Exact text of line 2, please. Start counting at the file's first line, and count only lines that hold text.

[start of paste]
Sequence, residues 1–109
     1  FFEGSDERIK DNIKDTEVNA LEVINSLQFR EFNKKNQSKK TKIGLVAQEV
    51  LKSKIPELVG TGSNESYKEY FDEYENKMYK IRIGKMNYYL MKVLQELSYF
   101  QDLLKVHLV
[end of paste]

     1  FFEGSDERIK DNIKDTEVNA LEVINSLQFR EFNKKNQSKK TKIGLVAQEV